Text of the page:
Following the final out of his no-hitter against the Boston Red Sox last Thursday, Seattle Mariner pitcher Chris Bosio thrust his arms toward the roof of the Kingdome and stood as if he were frozen. "I didn't know what to do, or what to say," Bosio remembers. "My mind was racing a million miles an hour, thinking about all that has happened the last three or four weeks."
During spring training Bosio had endured the most troubling month of his life: His home in northern California was robbed; a good friend, Cleveland Indian pitcher Tim Crews, was killed in a boating accident; a woman living in the apartment below his in Phoenix shot her daughter and then killed herself; his grandfather died. "Anything that could have possibly happened to anyone, happened to me," Bosio says. "It has been tough."
Around March 17, a drifter allegedly broke into Bosio's house in Shingle Springs, Calif. The man didn't just rob the house; he lived in it for a week, pretending to be the gardener. He crashed Bosio's moped, cutting his knee and leaving a trail of blood in the house. He stole clothes, a fax machine and kitchen utensils. After about a week, Bosio's contractor discovered the man and called the police, who arrested him. Bosio left camp in Arizona as soon as he learned of the arrest, but by the time he got home, the drifter had already been freed on bail and had returned to Bosio's house, kicked in the garage door and stolen more of his belongings. Police arrested the man again.
When Bosio and his wife, Suzanne, returned to Phoenix on March 26, Suzanne was met at their apartment door by police, who informed her of the shooting downstairs. Three days later, Bosio was pulled off the mound to answer an urgent phone call from Suzanne: His grandfather, with whom he was very close, had died. Bosio headed back to northern California for the funeral. "I couldn't wait for the season to start," he said last week. "Spring training was a nightmare."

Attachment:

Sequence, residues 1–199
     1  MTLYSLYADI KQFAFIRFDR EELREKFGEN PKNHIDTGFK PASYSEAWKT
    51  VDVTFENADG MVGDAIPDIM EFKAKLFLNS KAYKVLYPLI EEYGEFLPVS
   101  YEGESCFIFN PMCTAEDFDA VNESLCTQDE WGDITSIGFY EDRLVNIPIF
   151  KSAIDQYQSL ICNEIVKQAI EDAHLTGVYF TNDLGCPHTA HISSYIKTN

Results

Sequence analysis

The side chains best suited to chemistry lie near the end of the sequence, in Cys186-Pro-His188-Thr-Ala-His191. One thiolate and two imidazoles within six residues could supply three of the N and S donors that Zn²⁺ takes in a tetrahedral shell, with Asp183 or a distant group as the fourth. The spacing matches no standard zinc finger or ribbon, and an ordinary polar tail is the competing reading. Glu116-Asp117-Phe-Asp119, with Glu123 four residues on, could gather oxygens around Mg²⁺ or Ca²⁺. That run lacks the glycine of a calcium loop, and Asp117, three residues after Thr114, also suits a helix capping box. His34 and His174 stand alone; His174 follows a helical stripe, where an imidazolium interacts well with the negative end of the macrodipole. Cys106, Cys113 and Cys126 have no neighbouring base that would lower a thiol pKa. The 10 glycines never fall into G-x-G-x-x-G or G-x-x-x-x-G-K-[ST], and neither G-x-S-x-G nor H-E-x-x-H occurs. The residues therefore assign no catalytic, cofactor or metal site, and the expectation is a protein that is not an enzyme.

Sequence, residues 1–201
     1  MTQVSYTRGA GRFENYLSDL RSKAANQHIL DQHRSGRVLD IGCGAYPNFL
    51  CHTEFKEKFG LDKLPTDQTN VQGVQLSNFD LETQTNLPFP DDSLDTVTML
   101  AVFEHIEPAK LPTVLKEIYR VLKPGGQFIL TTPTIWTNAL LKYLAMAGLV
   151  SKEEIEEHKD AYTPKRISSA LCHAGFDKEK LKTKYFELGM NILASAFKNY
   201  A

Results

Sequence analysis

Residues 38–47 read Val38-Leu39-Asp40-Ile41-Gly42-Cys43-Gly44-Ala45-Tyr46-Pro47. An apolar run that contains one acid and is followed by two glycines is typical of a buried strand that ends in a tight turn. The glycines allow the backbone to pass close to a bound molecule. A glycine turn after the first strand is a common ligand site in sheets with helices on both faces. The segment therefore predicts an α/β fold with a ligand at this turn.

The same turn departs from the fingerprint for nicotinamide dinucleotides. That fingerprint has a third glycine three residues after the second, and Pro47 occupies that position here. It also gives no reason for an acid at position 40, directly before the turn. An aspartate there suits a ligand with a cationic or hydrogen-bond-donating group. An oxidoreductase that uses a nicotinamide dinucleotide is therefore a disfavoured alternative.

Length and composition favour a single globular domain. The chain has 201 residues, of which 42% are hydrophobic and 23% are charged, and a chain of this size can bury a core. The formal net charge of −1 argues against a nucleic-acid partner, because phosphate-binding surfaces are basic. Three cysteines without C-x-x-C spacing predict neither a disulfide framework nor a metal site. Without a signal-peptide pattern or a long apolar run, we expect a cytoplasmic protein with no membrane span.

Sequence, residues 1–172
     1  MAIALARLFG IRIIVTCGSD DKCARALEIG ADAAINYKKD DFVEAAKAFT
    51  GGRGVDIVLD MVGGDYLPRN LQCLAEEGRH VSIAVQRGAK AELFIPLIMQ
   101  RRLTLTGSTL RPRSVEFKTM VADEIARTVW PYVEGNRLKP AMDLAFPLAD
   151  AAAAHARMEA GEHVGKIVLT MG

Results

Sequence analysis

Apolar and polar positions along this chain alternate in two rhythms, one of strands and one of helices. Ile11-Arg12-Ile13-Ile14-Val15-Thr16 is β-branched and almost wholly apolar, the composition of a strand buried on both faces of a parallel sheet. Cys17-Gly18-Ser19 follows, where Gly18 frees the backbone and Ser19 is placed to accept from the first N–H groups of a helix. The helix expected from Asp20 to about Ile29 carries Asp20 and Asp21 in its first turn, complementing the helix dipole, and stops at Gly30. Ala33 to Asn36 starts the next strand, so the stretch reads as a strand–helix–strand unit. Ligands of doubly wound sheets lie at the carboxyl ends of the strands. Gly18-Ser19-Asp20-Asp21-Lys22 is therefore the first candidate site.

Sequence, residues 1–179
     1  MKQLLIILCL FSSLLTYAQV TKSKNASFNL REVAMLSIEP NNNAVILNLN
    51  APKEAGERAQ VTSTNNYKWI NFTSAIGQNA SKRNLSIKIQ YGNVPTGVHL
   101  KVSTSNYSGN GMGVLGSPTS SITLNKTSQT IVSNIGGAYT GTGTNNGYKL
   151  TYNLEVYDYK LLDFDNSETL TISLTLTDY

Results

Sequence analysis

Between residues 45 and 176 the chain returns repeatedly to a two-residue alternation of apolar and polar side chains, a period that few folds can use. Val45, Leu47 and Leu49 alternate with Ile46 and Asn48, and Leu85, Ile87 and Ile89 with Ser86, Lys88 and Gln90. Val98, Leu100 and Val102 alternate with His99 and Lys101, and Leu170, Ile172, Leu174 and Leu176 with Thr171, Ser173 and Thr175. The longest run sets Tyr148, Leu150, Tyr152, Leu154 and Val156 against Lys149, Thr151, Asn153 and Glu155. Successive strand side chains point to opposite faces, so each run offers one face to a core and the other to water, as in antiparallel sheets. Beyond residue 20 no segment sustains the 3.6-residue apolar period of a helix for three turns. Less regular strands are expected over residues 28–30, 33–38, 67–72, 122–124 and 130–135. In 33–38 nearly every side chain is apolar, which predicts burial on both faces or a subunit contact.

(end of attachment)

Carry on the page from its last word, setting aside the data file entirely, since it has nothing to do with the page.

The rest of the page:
May 2, 1993
But the start of the season wasn't much consolation. In his first three starts Bosio was 0-1 with a 4.58 ERA—not what was expected from a player who had finished 16-6 with the Milwaukee Brewers last season and then had signed a four-year, $15.25 million contract as a free agent with the Mariners. And he got off to a shaky start in his fourth outing last Thursday, walking the first two Red Sox hitters.
Bosio, however, got the next 27 outs in order for the first no-hitter of his career—a four-strikeout, 97-pitch gem. Boston hit a number of balls hard in the 7-0 loss, but Bosio was aided by terrific defense, most notably by slick-fielding shortstop Omar Vizquel. With two out in the ninth inning, Ernest Riles hit a chopper over Bosio's head, but Vizquel bare-handed the bouncer and gunned down Riles by two steps.
"I believe everything happens for a reason," says Bosio, 30. "This game coming after the tragedies of the last month—well, my wife and I sat up the night of the no-hitter until about five in the morning. I said, 'Suzanne, what's going on here?' We both shrugged our shoulders and didn't say a word for about 15 minutes. Then we looked at each other and said, 'This is just unbelievable.' "